Tournaments | Story | 7/14/2017

All hands On Deck (O's)

Tiffany Seal        
Photo: Perfect Game

EMERSON, Ga.—Long-time Perfect Game attendee, On Deck O’s, have made their way down to Atlanta from Pineville, North Carolina for the 15u WWBA National Championship, equipped with strong pitching and a team that has bought into the On Deck philosophy.

The O’s showed tenacity in the opener against the Yalobusha Giants, capitalizing on a wild pitch to take the lead in the fourth, 2-1, but were unable to hang on in later innings. In the end, the O’s came up short in a hard-fought 3-2 loss, after a dominant relief appearance by righthander Sam Bianco, who went three innings of one-hit baseball with three strikeouts to seal the win for the Giants.

“We got guys who compete on the mound, which is big down here because of the stipulations of pitch counts, but most of all, I think our team has a solid approach,” said On Deck head coach Jordan Darnell. “Our guys play hard and that’s what we ask of those guys and what is demanded, honestly. These guys buy into that and play hard throughout the game.”

One of those O’s pitchers who came out to compete was Mikey Tepper, who tossed 5 2/3 innings of swing-and-miss stuff, allowing just one earned run off five hits with three walks and nine strikeouts.

“Definitely outside pitch and my fastball [was working for me today],” said Tepper. “In the beginning, my curveball wasn’t working well, but later in the game it started working as a good 0-2 pitch.”

Meade Garner, who went 2-for-3, and Scottie England, who had a 2-for-2 day at the plate with a walk and RBI, generated most of the offense for the O’s.

“It was a pretty good pitcher, but I was just going up there looking backside,” said England, who laid down a bunt and RBI single to left. “He threw me a curveball one pitch and just had a good approach to it.”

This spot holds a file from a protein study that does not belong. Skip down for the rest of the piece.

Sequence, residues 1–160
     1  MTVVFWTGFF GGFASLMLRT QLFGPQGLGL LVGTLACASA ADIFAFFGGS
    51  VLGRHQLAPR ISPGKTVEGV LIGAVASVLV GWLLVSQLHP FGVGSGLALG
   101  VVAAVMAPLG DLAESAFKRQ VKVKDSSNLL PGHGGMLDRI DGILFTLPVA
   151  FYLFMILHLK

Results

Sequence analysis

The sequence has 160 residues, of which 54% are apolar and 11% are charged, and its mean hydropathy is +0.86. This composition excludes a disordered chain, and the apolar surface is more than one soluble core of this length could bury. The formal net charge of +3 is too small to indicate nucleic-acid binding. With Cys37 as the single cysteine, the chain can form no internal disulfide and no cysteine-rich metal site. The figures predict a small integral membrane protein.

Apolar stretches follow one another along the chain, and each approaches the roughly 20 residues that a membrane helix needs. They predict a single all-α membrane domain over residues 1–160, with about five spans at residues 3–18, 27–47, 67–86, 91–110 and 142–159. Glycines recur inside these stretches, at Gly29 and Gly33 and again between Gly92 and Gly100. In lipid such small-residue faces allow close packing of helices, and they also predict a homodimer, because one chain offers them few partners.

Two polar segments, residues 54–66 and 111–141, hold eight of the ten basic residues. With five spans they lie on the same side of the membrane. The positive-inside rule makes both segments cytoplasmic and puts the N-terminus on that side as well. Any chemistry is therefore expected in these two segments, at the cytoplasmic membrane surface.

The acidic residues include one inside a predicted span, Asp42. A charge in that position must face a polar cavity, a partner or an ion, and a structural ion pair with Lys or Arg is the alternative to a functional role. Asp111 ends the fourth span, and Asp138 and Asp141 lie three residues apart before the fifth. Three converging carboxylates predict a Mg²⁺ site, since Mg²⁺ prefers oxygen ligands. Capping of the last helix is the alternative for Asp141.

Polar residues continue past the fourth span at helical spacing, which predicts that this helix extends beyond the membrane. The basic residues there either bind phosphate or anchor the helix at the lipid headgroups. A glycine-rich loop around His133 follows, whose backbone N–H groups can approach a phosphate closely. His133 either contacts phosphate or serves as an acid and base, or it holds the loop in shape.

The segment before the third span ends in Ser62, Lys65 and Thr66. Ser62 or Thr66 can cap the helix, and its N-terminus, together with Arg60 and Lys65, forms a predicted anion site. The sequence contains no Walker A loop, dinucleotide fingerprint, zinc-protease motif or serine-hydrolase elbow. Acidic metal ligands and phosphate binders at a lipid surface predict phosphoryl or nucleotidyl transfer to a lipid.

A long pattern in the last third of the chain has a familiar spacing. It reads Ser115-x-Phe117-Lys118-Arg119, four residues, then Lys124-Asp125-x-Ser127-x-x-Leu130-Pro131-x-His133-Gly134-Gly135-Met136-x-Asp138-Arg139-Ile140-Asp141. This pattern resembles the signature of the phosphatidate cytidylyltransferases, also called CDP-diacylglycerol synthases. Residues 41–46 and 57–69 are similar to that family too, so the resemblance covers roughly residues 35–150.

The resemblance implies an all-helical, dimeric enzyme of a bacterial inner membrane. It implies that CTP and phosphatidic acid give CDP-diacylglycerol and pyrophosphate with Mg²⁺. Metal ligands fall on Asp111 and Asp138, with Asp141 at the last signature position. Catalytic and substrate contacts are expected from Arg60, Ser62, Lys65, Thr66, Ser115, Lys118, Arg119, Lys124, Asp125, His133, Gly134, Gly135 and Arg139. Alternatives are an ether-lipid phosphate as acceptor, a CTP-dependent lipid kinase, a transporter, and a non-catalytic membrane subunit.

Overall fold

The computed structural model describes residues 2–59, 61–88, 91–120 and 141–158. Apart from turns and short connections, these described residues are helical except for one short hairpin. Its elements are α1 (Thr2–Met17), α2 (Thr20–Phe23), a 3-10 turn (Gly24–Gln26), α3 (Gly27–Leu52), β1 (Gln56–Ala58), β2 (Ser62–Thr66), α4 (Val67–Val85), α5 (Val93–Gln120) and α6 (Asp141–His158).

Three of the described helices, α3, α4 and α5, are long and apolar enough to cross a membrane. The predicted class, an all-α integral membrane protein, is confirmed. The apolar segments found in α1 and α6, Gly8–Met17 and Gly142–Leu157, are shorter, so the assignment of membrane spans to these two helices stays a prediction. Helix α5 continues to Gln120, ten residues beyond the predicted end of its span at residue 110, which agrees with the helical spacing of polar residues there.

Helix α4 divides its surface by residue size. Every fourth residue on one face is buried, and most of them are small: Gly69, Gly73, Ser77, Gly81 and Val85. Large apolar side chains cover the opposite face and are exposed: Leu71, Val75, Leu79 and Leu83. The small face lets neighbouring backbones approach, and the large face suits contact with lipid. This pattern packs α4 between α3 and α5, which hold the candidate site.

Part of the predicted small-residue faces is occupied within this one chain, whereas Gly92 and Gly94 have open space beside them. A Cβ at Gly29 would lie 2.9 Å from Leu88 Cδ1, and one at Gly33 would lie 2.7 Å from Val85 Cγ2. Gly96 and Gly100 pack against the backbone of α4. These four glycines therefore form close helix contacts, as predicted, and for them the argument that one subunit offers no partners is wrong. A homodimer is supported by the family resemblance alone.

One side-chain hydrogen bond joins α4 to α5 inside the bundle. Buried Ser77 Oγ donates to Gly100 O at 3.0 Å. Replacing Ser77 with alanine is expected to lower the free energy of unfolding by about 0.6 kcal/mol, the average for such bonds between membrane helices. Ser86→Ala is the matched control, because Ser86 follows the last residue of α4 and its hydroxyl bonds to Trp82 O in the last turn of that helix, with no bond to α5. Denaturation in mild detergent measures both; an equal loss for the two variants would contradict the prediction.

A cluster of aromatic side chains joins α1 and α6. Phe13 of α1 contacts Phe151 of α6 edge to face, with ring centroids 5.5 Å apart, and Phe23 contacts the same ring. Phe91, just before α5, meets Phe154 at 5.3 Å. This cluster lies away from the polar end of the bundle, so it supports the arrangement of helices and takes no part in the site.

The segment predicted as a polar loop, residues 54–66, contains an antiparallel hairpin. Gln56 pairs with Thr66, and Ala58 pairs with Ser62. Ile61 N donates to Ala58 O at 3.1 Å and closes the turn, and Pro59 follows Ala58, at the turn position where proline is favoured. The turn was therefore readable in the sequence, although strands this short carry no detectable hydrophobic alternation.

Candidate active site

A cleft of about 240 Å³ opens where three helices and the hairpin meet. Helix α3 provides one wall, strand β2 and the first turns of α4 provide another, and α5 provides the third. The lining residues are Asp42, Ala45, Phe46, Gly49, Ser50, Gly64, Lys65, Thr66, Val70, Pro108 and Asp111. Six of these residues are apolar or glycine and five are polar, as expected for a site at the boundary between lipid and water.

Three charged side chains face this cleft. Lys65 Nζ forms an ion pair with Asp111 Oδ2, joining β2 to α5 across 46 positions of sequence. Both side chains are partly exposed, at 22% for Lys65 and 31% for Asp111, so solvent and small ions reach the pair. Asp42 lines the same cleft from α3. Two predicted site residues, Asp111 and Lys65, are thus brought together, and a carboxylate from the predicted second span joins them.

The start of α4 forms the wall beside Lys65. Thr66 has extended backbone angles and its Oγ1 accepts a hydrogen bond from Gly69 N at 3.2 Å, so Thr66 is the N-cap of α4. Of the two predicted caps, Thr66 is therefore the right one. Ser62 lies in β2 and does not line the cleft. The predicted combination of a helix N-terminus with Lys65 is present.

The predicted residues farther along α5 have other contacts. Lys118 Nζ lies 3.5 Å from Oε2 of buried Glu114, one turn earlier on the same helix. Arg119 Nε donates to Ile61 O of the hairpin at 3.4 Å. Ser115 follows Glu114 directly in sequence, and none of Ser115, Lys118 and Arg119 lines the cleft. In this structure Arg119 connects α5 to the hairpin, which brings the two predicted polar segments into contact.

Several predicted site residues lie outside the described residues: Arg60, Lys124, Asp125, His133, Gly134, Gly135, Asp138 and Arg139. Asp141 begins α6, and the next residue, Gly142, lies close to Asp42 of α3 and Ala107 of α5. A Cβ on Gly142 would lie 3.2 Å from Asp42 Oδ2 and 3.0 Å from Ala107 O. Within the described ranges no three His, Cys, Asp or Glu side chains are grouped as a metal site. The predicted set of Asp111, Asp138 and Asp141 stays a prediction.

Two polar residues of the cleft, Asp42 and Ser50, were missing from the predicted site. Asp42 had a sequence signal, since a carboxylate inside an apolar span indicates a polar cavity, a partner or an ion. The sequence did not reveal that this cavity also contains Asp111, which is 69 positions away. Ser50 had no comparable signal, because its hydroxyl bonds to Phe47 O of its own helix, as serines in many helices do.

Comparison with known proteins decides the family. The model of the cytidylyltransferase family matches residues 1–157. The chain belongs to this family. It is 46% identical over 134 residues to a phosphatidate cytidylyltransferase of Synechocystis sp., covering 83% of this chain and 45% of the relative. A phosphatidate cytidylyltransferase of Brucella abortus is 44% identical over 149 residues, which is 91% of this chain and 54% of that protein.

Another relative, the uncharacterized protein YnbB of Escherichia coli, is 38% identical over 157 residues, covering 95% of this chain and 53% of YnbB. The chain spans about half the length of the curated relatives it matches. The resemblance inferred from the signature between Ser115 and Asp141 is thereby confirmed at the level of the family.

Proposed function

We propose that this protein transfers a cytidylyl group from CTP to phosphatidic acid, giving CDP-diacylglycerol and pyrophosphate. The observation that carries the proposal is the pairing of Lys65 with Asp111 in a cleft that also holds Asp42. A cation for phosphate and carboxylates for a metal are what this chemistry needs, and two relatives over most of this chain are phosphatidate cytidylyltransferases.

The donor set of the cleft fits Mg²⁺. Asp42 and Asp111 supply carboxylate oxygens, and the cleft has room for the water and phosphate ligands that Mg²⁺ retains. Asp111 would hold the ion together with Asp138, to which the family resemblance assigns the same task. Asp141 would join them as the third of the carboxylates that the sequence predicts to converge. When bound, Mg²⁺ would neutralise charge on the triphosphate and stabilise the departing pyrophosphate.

England is going into his seventh year with On Deck Academy, which is based out of the Charlotte area.

Founded in 1999 by Michael Shildt, the program strives to develop tools on the field as well as off, with values of self-worth, work ethic and community service being hallmarks. For 18 years, On Deck Academy has seen over 300 student-athletes come through its doors, heading on to schools like UNC, Virginia, NC State, and continuing their careers in professional baseball.

The facility is equally as impressive as its alumni pool, with a 22,000 square foot indoor with a regulation infield complete with lights.

“When we are in the facility they help us break our swing down and help us defensively, they just help us get better and to a higher level,” said England about the academy’s strong player development.

With a short four-hour, 30-minute drive to the LakePoint complex, the O’s continue to show up in East Cobb with competitive teams looking to build on the tools and development taking place at the academy.

“It allows you to get in front of new competition, which you don’t get to see around our area,” said Darnell. “You get out here and get exposure and get some new faces which is always good for these guys. You kind of fall into that lull with seeing the same people over and over again, so seeing these new teams is fun for everybody.”

With the 15u On Deck club on the cusp of diving into the college recruiting process, both England and Tepper see Perfect Game tournaments as an opportunity to get better through facing some of the best talent in the Southeast.

“The exposure is still there, these guys are still young, but its good at this level for these guys to at least have a chance to be in this atmosphere, where you can get in front of some guys and be used to playing like that and get that feel, and get some butterflies out and be able to play in those circumstances,” said Darnell.

Although the O's came up short in the opener, there is still plenty of baseball left to play in the 15u National Championship, as the club looks to capitalize on its strengths to make a deep run. 

“I feel like we can put the ball in play and feel like we pretty much know what we are doing at the plate, we are smart hitters,” said English.

Aside from the strong pitching and ability to play both sides of the baseball equally strong, the primary importance is staying true to the 'all-hands on deck' culture grown by the academy.

“We definitely have an all around solid team here,” said Darnell. “We have speed in the lineup, we have guys who have bought into our program, and willing to put the ball in play and create pressure.”

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